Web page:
This phenomenon is called banner blindness. Your labeling looks like a banner advertisement and is therefore subconsciously skipped. Users have been conditioned to ignore complete sections of content if their previous experience taught them that it always contains irrelevant stuff. The more attention the banner tries to pull, the more it’s ignored. If you want people to notice a label like “homebrew” or “official”, you need to place it somewhere that users are scanning for naturally.
In your case, consider putting it next to the page title. You may also want to work with alert icons, as these tend not to be ignored by users if they are used sparsely. Preferably a contrasting colour with the rest of your colour scheme.
The banner is beautiful but the style does not match the rest of the page.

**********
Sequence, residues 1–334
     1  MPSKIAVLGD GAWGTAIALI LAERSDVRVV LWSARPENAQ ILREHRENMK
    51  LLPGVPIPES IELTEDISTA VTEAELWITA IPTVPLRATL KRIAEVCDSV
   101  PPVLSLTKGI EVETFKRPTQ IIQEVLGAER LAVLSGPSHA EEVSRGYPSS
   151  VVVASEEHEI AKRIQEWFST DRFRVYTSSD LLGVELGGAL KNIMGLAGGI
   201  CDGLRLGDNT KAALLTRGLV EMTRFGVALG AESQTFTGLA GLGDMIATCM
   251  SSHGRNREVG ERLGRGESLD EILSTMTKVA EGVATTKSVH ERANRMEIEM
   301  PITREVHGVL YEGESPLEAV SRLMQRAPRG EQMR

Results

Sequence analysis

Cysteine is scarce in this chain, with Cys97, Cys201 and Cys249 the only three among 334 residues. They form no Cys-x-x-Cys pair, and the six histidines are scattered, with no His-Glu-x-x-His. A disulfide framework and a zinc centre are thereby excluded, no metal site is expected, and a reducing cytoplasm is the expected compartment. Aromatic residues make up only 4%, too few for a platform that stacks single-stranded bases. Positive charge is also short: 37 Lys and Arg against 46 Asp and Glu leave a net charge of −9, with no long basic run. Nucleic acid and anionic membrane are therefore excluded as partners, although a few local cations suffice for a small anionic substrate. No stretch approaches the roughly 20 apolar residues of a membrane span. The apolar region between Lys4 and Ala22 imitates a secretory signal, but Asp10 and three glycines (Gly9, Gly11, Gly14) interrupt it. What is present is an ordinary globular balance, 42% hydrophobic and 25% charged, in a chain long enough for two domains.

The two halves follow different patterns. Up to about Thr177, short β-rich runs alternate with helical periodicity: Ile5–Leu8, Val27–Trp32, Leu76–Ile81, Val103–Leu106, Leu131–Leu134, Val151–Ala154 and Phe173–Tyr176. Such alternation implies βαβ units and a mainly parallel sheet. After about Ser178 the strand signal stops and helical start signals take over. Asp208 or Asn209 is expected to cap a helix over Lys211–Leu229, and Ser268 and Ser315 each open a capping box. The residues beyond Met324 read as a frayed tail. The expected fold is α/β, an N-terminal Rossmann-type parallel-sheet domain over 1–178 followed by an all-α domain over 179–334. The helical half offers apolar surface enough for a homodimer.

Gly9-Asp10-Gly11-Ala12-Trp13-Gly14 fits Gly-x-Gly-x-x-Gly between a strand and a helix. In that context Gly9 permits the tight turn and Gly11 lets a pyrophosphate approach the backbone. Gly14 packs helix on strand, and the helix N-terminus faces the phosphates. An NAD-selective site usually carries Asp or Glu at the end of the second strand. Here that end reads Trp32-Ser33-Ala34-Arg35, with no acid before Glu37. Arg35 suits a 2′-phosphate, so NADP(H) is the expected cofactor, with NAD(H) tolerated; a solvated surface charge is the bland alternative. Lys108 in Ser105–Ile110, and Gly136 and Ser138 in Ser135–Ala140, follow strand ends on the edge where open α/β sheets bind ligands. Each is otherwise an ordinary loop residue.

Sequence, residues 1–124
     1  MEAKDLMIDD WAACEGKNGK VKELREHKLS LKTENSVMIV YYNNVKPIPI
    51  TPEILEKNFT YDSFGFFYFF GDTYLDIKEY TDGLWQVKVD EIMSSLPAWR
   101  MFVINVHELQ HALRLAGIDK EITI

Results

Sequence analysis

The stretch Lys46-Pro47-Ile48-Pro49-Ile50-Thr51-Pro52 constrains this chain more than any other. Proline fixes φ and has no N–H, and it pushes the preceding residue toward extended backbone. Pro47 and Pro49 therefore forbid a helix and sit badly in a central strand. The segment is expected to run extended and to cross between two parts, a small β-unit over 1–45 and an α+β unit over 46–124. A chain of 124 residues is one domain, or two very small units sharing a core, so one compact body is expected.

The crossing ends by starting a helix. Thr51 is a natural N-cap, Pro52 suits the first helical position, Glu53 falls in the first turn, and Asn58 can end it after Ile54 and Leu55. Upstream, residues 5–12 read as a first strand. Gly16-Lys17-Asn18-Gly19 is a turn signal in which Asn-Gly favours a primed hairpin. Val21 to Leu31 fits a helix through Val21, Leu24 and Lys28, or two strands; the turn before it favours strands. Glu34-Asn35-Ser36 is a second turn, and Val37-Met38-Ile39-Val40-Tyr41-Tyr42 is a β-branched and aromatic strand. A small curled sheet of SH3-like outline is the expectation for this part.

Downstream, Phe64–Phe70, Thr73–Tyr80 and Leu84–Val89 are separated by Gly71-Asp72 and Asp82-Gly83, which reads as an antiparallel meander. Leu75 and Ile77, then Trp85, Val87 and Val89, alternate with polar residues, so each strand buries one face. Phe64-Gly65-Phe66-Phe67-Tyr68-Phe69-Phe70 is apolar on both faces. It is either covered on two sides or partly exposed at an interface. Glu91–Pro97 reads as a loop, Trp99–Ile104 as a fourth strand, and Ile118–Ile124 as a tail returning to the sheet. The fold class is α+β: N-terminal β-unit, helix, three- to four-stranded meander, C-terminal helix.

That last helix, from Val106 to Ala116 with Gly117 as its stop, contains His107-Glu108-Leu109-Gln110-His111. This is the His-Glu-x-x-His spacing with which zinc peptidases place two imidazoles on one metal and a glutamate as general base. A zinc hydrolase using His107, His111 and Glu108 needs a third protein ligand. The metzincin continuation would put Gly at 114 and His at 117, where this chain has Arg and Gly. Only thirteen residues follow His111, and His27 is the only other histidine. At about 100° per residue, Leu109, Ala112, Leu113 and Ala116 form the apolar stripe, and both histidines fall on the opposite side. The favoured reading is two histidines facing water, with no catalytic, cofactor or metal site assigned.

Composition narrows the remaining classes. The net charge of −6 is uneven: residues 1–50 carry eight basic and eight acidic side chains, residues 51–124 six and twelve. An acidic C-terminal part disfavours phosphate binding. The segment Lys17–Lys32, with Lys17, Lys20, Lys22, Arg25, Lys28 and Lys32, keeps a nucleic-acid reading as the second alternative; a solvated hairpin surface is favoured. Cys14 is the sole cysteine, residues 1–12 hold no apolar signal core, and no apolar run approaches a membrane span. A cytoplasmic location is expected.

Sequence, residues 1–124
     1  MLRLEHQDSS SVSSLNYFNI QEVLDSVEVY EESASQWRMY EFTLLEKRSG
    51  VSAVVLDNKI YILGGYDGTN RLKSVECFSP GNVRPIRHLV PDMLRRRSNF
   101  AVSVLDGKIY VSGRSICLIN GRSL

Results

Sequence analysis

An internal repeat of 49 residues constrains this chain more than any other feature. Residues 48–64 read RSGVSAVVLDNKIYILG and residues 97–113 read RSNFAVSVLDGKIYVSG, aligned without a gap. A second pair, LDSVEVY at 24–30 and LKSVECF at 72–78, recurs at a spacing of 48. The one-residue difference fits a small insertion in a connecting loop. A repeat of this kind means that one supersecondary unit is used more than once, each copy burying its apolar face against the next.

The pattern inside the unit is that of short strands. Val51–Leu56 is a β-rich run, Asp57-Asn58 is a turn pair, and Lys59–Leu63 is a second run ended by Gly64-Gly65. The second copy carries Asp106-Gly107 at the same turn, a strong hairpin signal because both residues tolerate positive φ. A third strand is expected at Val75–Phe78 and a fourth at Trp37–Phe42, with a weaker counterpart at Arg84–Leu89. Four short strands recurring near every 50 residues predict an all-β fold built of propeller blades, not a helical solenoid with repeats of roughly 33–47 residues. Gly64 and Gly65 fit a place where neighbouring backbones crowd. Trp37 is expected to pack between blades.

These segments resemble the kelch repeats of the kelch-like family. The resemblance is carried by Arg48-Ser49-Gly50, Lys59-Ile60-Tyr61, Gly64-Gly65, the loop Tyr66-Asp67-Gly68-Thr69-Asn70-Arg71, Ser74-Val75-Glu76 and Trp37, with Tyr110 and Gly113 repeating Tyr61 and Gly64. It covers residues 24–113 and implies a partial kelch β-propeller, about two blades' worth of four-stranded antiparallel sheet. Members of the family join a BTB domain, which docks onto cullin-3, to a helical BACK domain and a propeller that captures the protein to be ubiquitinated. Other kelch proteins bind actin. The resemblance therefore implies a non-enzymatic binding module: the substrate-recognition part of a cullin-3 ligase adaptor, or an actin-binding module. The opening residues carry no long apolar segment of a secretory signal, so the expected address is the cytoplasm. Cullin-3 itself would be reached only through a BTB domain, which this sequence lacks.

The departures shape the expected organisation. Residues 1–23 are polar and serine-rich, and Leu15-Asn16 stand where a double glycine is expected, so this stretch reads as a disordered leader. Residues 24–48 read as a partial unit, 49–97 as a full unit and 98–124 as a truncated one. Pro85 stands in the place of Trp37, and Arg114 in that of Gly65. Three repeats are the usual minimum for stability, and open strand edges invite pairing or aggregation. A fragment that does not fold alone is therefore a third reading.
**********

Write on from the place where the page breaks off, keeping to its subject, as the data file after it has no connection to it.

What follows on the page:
You know what is everywhere on the Internet with unmatching graphic styles? Ads.
As others have said, the problem is that users are not considering it as part of the content. It appears to be an ad, so they skip it.
I think the crucial action to be taken is to integrate it deeply with the rest of the page. Make it part of the content and, most importantly, make the style fit so that it does not feel extraneous.
Also, there is an XKCD strip about looking like an ad.
It’s the design. Visually it’s not part of the site or page. It’s a square of content that doesn’t belong to the site visually which indicates it’s an advertisement to users.
Design the banner to be part of the site visually.
The most simple way is to design it out of its surrounding design. This makes it part of the site visually. Below is an example.
Here you can see how obtrusive the purple banner is when it’s removed:
Here is an example of the banner designed to be a part of the site: